3. Content that exploits controversial political or social issues for commercial purposes. [Despite the ads I optimistically put up on my webpage, there’s no money in this for me, more’s the pity.]
  4. Audio or flash animation that plays automatically without a person’s interaction or expands within Facebook after someone clicks on the ad. [Oh, ick. No!]
  5. Non-functional landing pages. This includes landing pages that interfere with a person’s ability to navigate away from the page. [As if!  The whole point was to get people to a functional landing page.]
  6. Spyware, malware, or any software that results in an unexpected or deceptive experience. This includes links to sites containing these products. [God forbid!]
  7. Bad grammar or punctuation. Symbols, numbers, and letters must be used properly. [I take serious umbrage that someone would even suggest that in connection with my writing. The occasional (0kay, frequent) typo . . . maybe, but bad grammar and punctuation? Never!]
  8. Images that portray nonexistent functionality. [Not that I’d ever want to, but I couldn’t even if I did want to.]
    Image 4
  9. Images that contain “before-and-after” images or images that contain unexpected or unlikely results. [The only illustrations I have are before and after having babies, and it’s not pretty.]
  10. Image 5
  11. Payday loans, paycheck advances or any other short-term loan intended to cover someone’s expenses until their next payday. [No.]
  12. Content leading to external landing pages that provide an unexpected or disruptive experience. This includes misleading ad positioning, such as overly sensationalized headlines, and leading people to landing pages that contain minimal original content and a majority of unrelated or low quality ad content. [Never!  Unless opening your mind to new ideas is “an unexpected or disruptive experience.” That, of course, is a real possibility for the uninitiated reading my informative post.]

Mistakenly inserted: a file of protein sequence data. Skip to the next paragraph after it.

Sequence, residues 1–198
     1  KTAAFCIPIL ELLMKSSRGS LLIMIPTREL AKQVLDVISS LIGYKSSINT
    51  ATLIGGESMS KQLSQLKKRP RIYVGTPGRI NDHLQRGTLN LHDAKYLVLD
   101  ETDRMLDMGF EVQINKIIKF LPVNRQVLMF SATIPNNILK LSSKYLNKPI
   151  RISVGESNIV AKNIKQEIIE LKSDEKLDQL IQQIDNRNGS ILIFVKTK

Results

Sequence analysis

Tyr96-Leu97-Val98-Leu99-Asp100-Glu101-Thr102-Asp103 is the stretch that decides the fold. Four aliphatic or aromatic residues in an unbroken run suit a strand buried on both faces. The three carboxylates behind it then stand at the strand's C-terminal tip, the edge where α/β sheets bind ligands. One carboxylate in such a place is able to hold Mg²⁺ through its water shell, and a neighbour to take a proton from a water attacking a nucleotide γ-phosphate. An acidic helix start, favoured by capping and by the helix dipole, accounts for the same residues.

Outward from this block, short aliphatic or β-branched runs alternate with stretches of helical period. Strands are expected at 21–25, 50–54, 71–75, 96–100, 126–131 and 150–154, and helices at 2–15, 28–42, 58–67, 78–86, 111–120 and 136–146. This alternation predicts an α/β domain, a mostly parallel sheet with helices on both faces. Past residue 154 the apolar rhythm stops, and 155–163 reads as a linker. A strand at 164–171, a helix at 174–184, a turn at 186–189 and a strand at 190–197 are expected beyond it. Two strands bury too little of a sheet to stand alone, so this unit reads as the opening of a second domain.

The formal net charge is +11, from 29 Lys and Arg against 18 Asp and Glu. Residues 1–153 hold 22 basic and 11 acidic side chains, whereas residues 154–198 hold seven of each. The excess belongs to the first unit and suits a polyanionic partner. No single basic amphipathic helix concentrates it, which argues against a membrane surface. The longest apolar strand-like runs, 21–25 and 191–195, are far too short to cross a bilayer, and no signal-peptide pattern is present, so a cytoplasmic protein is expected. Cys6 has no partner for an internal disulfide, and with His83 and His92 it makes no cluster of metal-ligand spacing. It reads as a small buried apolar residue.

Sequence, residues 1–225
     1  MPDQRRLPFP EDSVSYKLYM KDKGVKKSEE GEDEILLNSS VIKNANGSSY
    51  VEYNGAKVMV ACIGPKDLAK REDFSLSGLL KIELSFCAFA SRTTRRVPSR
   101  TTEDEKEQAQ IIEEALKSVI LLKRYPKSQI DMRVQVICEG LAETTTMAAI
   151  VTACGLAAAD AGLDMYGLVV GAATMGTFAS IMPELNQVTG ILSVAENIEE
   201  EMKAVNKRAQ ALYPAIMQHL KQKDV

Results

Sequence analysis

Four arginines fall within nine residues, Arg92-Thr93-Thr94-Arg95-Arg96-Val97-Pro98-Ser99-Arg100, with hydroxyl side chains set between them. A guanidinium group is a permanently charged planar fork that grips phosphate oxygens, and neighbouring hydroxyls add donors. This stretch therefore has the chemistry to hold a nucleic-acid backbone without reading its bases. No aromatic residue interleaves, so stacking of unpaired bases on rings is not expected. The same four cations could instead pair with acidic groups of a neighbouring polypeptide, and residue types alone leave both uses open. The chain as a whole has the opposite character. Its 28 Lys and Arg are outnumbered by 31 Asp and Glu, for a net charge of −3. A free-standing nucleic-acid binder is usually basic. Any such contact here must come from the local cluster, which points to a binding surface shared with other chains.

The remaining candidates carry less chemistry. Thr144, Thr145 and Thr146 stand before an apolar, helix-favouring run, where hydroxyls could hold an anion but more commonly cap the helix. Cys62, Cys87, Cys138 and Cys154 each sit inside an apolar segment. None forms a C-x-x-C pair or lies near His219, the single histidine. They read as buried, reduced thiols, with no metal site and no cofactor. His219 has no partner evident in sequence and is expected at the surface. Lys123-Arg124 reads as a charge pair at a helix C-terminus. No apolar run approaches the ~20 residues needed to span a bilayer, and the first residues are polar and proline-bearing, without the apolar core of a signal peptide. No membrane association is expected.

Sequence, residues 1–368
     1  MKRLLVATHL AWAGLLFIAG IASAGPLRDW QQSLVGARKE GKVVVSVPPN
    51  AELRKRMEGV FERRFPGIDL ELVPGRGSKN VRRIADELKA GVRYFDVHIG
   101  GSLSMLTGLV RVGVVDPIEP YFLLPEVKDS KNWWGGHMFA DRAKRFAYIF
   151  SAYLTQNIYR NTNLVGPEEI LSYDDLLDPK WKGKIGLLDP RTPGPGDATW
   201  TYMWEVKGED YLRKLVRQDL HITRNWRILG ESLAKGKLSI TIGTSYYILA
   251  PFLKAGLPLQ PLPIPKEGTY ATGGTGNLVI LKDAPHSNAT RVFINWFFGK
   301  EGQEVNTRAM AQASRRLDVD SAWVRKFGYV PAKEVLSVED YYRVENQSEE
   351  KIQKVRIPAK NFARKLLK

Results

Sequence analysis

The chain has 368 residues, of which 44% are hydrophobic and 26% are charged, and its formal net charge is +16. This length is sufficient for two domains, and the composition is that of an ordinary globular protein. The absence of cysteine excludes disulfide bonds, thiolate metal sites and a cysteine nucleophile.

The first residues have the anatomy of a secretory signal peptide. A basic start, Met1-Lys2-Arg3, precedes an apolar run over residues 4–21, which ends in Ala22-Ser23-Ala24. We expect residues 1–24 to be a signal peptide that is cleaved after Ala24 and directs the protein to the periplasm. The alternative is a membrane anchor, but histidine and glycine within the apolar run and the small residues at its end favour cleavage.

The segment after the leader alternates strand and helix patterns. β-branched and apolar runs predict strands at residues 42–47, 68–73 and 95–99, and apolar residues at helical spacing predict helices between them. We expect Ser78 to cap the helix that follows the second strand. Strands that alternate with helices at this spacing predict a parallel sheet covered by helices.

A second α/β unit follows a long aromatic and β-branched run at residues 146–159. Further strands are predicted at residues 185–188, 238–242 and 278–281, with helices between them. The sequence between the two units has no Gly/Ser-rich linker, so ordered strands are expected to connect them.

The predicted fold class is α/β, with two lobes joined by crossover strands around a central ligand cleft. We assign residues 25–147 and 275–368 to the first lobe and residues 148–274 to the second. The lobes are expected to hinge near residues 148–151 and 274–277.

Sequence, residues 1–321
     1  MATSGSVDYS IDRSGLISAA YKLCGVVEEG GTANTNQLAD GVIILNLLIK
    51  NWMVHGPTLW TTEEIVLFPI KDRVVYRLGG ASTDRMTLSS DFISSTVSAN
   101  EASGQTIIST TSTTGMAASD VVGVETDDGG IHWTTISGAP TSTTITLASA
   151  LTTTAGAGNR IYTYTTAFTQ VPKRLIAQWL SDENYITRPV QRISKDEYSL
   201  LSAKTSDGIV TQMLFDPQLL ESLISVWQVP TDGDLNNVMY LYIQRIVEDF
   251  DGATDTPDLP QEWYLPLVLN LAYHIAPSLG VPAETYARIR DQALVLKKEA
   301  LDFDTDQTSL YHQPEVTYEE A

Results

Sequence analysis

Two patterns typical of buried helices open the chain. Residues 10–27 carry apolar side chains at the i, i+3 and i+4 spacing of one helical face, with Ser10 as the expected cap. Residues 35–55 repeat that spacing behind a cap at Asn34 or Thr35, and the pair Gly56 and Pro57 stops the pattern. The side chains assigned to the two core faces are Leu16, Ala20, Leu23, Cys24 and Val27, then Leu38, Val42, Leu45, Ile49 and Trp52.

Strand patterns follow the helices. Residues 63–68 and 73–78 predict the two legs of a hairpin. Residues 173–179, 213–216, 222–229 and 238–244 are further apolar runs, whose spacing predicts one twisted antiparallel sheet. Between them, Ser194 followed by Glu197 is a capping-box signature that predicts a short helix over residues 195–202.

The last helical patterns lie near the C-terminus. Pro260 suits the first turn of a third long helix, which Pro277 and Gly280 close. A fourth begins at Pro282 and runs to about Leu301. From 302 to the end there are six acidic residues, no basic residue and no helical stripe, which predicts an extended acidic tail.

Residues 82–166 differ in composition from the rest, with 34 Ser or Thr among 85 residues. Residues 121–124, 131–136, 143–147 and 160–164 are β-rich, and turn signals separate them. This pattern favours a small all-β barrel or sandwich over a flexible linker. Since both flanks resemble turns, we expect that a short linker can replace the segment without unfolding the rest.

I’m lacking data here, so I have no idea if those Progressives who routinely have called Trump (and Bush and Romney and any other conservative) a fascist or used pictures with silly toothbrush mustaches have also been rejected. No data, no hard accusations, right?

It’s just that, knowing Facebook’s little troubles with conservatives, let’s say I’m dubious. Without any further information (and I know I’ll never get that information), I’m going with my gut here and believe that the fact that I included the words “fascist” and “Hillary” in the same sentence was what got the Facebook algorithm bent out of shape and caused it to reject my generous $3 splurge on post promotion.

(And yes, I’m going to promote on Facebook this post about Facebook refusing to allow me to broadcast my message to a wider Facebook audience.]